snipertyler
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Have you worn out your Rpi?

Tue Oct 14, 2014 3:43 am

Topic says it all but to restate:
Has anyone actually "worn out" a Rpi?

I'm curious if the Rpi itself has worn out and if overclock was used, and what kind of timeframe you had. Months? Years?
If you've had one since the beginning and on full overclock and it's still running great, I'd like to see that too.

How long peripherals took to wear out too would be interesting (such as sd cards)

Sorry If this question exists, (could not find one with search)

Edit: I seemed to phrased my question naively, I suppose a better way to ask would be, what points of failure have you had after what period of time. mishandling really shouldn't count.
Last edited by snipertyler on Tue Oct 14, 2014 2:50 pm, edited 1 time in total.

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alexeames
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Re: Have you worn out your Rpi?

Tue Oct 14, 2014 7:24 am

The only damage I've had on my Pis has been self-inflicted. 2 dropped ones suffered broken SD slot, one "screwdriver accident" killed the spi ports and another one the network/USB chip died when I connected a USB HDD (without its own PSU). None are complete 'write-offs' though. The SD slots were repaired and all four still usable (the one with dead USB/LAN chip being the least useful).
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Re: Have you worn out your Rpi?

Tue Oct 14, 2014 7:31 am

The estimate life of the SOC not overclocked is about 40 years.

Overclocked, about 30.


These are semi-official Brcm figures ,that are calculated in the standard industry way of sticking the chips in an oven.

As for the other parts, dunno, but SD cards are the weakest point.
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Re: Have you worn out your Rpi?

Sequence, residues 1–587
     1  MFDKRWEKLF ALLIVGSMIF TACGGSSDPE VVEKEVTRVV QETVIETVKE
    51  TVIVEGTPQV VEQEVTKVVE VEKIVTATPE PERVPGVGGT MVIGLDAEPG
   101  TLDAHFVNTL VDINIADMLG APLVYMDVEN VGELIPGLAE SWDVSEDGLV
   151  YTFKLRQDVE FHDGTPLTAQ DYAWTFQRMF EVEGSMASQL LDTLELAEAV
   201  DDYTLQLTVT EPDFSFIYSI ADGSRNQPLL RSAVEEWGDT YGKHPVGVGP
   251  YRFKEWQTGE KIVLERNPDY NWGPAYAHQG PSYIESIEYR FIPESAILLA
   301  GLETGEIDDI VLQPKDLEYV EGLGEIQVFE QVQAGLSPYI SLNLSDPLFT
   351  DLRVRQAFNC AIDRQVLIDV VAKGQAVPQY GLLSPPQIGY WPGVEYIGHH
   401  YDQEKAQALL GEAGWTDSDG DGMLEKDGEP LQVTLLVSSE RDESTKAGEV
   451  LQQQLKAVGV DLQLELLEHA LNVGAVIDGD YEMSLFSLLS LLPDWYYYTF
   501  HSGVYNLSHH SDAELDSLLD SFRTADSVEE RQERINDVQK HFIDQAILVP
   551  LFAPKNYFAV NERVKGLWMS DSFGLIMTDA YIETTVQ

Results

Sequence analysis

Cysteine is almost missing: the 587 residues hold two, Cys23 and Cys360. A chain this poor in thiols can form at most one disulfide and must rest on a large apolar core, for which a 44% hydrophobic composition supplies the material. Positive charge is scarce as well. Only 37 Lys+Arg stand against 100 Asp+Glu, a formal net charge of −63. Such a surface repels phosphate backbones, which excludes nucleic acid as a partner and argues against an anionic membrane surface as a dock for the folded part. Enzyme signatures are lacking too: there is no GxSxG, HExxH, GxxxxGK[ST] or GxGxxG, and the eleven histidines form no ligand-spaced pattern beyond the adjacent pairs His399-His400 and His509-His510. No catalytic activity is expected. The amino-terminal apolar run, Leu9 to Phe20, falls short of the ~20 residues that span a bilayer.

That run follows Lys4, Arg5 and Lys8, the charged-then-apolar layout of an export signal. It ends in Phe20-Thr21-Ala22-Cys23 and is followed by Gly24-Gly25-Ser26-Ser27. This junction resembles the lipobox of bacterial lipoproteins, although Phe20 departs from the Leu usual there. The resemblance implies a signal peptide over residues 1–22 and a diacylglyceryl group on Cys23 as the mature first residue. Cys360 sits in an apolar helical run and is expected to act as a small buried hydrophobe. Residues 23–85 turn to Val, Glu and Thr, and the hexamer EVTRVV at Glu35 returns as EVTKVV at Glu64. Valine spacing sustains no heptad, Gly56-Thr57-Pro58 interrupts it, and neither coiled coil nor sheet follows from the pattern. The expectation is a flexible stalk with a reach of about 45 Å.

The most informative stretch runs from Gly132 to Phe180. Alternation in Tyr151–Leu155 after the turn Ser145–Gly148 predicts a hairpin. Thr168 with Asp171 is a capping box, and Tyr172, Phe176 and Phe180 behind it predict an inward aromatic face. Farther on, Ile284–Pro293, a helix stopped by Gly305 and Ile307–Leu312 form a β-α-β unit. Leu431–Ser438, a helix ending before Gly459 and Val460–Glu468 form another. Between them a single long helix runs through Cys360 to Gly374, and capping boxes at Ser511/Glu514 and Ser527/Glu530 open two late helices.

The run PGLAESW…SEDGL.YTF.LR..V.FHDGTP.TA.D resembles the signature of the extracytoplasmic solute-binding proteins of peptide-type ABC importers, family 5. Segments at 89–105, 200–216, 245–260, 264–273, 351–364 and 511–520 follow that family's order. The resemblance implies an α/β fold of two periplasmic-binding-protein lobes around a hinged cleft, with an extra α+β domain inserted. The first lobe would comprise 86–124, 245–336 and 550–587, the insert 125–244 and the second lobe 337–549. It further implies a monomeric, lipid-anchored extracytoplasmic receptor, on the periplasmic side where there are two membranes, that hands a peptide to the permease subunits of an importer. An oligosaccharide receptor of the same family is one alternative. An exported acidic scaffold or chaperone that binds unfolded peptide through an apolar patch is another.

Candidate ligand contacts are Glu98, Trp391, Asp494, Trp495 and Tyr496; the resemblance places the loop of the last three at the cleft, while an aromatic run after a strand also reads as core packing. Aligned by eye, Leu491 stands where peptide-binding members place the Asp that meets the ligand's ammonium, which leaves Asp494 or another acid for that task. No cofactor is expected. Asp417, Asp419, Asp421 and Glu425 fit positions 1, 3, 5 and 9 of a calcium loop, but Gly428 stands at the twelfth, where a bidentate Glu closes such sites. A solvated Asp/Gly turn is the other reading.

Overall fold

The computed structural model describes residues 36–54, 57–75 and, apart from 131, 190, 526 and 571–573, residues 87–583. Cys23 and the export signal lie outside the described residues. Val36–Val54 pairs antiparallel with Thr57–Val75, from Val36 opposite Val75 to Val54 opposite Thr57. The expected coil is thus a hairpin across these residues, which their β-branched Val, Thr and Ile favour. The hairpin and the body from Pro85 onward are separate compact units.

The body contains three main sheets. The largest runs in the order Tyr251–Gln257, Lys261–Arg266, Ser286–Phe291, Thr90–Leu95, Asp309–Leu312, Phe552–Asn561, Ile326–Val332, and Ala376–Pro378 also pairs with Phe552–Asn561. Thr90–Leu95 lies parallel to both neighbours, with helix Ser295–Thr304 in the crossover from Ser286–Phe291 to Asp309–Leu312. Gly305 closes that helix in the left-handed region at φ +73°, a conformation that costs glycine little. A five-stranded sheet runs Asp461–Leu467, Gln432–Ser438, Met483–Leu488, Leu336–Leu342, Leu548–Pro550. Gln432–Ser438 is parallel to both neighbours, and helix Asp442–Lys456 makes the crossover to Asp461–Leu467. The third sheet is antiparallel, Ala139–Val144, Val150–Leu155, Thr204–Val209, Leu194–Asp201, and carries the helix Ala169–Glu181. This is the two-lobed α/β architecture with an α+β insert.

Tue Oct 14, 2014 8:07 am

jamesh wrote: ...
As for the other parts, dunno, but SD cards are the weakest point.
+1 with the additional note that I've suffered two SDHC card slot "mechanical failures", subsequently repaired**, with the Pi's still working. My "B1" Pi, c.Sept. 2012, which is used for the wiki from which my "Pi webpages" are exported, has been in regular, but not continuous, use with the same SDHC card and memory stick (on which the wiki is stored/run from) for ~2 years now.
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Re: Have you worn out your Rpi?

Tue Oct 14, 2014 9:27 am

jamesh wrote:The estimate life of the SOC not overclocked is about 40 years.
Hi
Documentation of this number would be a nice to have. Do you know if it's available?
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Re: Have you worn out your Rpi?

Tue Oct 14, 2014 9:33 am

JamesH saying it is about as good as your going to get
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Re: Have you worn out your Rpi?

Tue Oct 14, 2014 10:31 am

This is a funny thread, of course, since the question as stated is unanswerable - due to the fact that no one has had a Pi for 30 (or 40) years yet, so no one can say that it has actually "worn out". So, effectively, anyone who responds to this thread (including me) is running afoul of the sentiment expressed in my signature block.

Having said all that, there are two failure modes that can occur (that are other than being "worn out"):
  • 1) Being mishandled/damaged. Most of the posts so far have been in this vein. I consider this entirely off-topic.
    2) Being "temporarily" worn-out. This doesn't happen with most consumer goods - where once they are worn out, they're done for. But it does happen with computers. Case in point: My recent adventure with over-clocking, where for a period of time, the unit booted OK, but could not mount the rootfs (*any* rootfs). That problem mysteriously went away after the unit was left alone for a few hours "to rest up."
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Re: Have you worn out your Rpi?

Tue Oct 14, 2014 11:11 am

"Worn out" is open to misinterpretation.

When my Volvo V70 R-design has done x00k it's "worn out" because various surfaces rubbing together have become damaged - material has been removed from each. That's a fairly well understood process, and so the life of a car can be designed-in at manufacture.